The review will consider the exclusion of groups of pupils that are identified in the national data as more likely to be excluded. For example, those ethnic groups highlighted in the Ethnicity Facts and Figures website; pupils who are eligible for free school meals, or have been eligible for free school meals in the last six years; pupils with special educational needs; looked after children; and children in need.

The scope of the review includes:

  • Practice in schools in relation to behaviour management and exclusions. This includes identifying effective approaches which improve outcomes, particularly for those groups disproportionately likely to be excluded;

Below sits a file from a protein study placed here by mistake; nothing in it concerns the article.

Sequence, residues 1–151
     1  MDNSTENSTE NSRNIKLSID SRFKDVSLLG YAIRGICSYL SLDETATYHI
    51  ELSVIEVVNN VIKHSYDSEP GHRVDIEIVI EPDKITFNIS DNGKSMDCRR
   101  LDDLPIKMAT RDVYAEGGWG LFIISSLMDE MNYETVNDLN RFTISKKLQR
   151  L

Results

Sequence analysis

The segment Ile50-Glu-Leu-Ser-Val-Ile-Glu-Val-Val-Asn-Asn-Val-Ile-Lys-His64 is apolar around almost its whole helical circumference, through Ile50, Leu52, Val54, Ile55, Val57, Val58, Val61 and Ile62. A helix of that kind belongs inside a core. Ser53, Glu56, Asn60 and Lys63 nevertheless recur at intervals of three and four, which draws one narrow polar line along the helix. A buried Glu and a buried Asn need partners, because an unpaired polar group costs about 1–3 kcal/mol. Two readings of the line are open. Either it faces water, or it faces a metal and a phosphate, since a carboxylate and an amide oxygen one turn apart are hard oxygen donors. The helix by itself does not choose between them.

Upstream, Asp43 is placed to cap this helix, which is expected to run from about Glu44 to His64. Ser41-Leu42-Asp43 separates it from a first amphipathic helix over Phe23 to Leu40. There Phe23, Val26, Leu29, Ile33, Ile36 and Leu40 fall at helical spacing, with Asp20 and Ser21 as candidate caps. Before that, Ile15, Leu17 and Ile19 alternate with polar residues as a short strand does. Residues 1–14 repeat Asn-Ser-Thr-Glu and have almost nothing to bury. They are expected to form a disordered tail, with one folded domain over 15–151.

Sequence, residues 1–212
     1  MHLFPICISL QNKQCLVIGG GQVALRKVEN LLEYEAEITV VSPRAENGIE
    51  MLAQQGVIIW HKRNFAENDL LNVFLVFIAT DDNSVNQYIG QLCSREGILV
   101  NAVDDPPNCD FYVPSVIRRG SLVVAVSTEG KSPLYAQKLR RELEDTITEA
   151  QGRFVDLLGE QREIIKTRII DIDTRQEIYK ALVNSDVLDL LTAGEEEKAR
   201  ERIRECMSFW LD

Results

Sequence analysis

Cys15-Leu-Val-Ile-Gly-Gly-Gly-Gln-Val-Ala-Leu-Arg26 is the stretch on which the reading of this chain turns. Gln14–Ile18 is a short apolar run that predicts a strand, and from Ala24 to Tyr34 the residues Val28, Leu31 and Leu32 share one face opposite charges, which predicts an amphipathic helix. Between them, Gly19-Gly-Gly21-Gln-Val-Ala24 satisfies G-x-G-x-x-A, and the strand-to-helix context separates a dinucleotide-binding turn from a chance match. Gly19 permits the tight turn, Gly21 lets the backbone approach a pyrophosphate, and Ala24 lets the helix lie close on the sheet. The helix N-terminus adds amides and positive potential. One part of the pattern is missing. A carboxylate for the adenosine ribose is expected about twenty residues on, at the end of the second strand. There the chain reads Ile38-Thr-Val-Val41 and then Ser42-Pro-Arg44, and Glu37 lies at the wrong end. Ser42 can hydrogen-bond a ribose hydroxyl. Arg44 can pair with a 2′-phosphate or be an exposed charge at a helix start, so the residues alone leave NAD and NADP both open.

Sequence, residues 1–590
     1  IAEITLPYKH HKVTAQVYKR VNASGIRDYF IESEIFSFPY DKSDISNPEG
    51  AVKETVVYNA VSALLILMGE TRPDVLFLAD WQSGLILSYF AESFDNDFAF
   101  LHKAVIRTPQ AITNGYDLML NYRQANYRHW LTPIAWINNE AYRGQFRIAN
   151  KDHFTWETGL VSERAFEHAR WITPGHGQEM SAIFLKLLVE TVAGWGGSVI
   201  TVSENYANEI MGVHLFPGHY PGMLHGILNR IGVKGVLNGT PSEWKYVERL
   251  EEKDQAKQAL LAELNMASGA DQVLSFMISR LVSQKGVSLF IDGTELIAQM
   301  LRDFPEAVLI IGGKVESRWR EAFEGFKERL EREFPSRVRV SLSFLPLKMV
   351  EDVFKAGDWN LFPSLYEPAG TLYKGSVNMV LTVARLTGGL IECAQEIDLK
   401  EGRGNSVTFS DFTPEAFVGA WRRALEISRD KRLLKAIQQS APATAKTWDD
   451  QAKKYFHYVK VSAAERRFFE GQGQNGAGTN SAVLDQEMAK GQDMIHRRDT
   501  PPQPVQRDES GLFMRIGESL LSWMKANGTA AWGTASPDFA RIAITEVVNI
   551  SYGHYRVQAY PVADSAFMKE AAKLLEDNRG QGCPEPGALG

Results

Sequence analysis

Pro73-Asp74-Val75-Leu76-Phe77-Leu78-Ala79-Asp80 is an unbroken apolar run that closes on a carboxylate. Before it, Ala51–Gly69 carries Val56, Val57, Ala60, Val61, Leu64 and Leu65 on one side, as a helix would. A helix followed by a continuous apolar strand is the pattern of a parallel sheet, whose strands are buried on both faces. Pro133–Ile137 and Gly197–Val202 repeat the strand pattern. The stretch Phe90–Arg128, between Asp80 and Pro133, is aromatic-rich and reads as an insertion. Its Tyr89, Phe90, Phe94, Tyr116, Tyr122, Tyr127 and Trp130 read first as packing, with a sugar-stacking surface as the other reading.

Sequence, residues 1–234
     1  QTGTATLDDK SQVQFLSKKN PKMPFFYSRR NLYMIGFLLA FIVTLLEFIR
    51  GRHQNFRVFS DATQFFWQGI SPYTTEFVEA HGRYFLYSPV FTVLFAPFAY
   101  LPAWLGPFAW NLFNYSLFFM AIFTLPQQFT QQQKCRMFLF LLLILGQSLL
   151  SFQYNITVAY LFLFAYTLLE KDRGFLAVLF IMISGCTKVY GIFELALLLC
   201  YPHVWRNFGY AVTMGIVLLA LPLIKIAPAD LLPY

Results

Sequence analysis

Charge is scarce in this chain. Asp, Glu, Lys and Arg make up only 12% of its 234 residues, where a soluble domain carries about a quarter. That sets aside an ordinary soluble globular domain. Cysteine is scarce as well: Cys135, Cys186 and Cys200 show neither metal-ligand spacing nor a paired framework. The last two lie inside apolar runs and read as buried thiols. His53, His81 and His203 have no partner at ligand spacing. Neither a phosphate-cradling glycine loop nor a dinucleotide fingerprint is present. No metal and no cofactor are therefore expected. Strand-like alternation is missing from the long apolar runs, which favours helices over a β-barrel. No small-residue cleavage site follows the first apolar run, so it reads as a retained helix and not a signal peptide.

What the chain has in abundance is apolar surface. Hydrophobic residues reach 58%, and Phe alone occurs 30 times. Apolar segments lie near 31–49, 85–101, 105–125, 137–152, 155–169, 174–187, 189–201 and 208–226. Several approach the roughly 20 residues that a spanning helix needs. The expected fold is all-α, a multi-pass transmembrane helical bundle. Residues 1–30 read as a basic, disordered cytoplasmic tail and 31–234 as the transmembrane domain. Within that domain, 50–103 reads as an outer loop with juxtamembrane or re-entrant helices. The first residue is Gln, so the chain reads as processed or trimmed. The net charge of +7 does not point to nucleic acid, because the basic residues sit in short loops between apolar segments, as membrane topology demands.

• the exclusions process in schools. The review will explore how head teachers decide when to exclude and the role of governors in reviewing use of exclusion. It will not seek to curb the powers head teachers have to exclude but will examine the ways in which such powers are exercised;
  • practice in schools in relation to directing pupils to alternative provision without excluding. This will include whether this is effective and the impact on pupils who are disproportionately likely to be excluded;
  • the drivers behind the variation in exclusion rates of pupils of different ethnic groups andother disproportionately represented groups, and the consequences of this;
  • the drivers behind geographic variation in exclusion rates, particularly between areas with similar characteristics;